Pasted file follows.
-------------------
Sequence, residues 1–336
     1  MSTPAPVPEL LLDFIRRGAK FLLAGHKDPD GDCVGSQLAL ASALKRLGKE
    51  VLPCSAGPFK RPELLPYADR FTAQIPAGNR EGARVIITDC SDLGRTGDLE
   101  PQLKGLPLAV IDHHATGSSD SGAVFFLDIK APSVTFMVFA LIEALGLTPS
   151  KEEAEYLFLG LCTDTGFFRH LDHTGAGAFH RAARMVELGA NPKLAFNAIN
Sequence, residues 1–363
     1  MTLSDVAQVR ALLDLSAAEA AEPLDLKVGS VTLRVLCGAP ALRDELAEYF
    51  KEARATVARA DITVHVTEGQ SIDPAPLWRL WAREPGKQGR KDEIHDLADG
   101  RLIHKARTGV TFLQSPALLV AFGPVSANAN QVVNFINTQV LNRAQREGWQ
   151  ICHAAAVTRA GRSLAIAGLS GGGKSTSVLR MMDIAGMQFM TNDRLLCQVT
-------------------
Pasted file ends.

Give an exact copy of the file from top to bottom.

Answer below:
Sequence, residues 1–336
     1  MSTPAPVPEL LLDFIRRGAK FLLAGHKDPD GDCVGSQLAL ASALKRLGKE
    51  VLPCSAGPFK RPELLPYADR FTAQIPAGNR EGARVIITDC SDLGRTGDLE
   101  PQLKGLPLAV IDHHATGSSD SGAVFFLDIK APSVTFMVFA LIEALGLTPS
   151  KEEAEYLFLG LCTDTGFFRH LDHTGAGAFH RAARMVELGA NPKLAFNAIN
Sequence, residues 1–363
     1  MTLSDVAQVR ALLDLSAAEA AEPLDLKVGS VTLRVLCGAP ALRDELAEYF
    51  KEARATVARA DITVHVTEGQ SIDPAPLWRL WAREPGKQGR KDEIHDLADG
   101  RLIHKARTGV TFLQSPALLV AFGPVSANAN QVVNFINTQV LNRAQREGWQ
   151  ICHAAAVTRA GRSLAIAGLS GGGKSTSVLR MMDIAGMQFM TNDRLLCQVT